Bay LaurelLaurus nobilis
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Outdoor Growing zone
Full Sun, Partial Sun
The Bay Laurel should not be confused with the Cherry Laurel. This large evergreen shrub or small tree provides the ‘bay leaves’ used in cooking, and in the garden it is a handsome plant that makes a large shrub, growing 10 feet tall, and eventually reaching 30 feet. Trimmed it becomes an attractive hedge or topiary plants in many shapes, and potted trees are perfect to decorate your garden or terraces. It is hardy in zones 8 to 10, but in cooler areas it is easy to grow in a container and overwinter in a bright, cool place indoors. Very popular in Europe, its usefulness and versatility should be recognized more in North America.
The Bay Laurel tree grows well in sun or partial-shade, in any well-drained soil. It is moderately drought tolerant once established, but it grows best with a regular supply of water. In the garden it will grow in most soils. In containers use any outdoor potting soil. Make sure your planter has drainage, and water regularly, after the soil has dried a little. Feed regularly from spring to fall, and keep in a cool, frost-free, brightly-lit place for the winter months. Hot, dry interior temperatures will encourage pests to develop. Trim as wanted between spring and fall, drying and saving the leaves for the kitchen.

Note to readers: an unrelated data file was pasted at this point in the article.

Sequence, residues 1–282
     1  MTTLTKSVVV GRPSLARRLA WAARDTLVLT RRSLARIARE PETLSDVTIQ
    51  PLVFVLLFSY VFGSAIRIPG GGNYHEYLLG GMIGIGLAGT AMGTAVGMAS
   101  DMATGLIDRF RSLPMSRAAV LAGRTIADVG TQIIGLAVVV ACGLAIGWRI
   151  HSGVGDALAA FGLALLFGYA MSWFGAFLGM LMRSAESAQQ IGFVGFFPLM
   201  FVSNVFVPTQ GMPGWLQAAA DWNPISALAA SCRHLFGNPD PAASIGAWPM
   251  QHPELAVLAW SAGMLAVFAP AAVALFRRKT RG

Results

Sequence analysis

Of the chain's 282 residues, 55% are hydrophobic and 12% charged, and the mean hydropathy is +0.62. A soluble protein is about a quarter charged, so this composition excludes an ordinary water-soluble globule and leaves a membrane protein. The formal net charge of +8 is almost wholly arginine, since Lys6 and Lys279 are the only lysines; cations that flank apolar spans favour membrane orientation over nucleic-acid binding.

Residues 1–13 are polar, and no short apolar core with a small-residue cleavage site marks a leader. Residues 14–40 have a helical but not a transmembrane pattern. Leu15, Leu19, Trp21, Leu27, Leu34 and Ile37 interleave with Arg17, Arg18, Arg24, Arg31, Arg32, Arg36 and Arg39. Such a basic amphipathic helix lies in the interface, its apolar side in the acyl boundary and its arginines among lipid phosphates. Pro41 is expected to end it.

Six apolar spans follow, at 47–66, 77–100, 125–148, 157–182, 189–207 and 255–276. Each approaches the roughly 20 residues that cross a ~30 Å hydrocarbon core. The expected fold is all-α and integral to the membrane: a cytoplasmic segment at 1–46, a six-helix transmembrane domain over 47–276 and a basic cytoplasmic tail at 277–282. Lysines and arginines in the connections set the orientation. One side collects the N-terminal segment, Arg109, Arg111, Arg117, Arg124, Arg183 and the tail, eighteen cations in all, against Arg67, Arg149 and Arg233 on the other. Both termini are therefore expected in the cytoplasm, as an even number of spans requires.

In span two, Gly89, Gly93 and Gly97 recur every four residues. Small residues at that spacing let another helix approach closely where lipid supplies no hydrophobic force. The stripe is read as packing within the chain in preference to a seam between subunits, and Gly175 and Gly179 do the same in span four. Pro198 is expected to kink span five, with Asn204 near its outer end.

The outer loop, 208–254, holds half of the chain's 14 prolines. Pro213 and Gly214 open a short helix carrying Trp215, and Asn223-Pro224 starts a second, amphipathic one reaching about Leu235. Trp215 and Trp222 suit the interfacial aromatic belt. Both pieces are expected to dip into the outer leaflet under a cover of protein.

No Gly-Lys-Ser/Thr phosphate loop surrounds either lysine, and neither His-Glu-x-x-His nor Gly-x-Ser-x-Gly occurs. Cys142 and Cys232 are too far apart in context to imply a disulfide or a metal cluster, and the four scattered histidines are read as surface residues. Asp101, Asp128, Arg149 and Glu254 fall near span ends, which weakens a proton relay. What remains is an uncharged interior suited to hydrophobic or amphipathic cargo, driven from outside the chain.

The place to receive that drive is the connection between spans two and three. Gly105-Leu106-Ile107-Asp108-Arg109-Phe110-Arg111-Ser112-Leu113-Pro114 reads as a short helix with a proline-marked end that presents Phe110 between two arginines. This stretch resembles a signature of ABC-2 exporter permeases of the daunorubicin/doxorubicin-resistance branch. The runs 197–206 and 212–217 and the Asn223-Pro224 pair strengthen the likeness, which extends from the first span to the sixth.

Better known to many people as a dried leaf used for flavoring in the kitchen, the Bay Laurel is a large shrub or small tree, with evergreen leaves and a handsome look. Often pruned into various shapes, it also makes an attractive natural garden plant in warm zones, and trims easily into dense hedges. Very different from the more common Cherry Laurel (Prunus laurocerasus), Bay Laurel is a great plant to grow in a container, use outdoors as an attractive summer shrub in partial shade, and then grow indoors in a cool, bright place, to have leaves for the kitchen available all year round.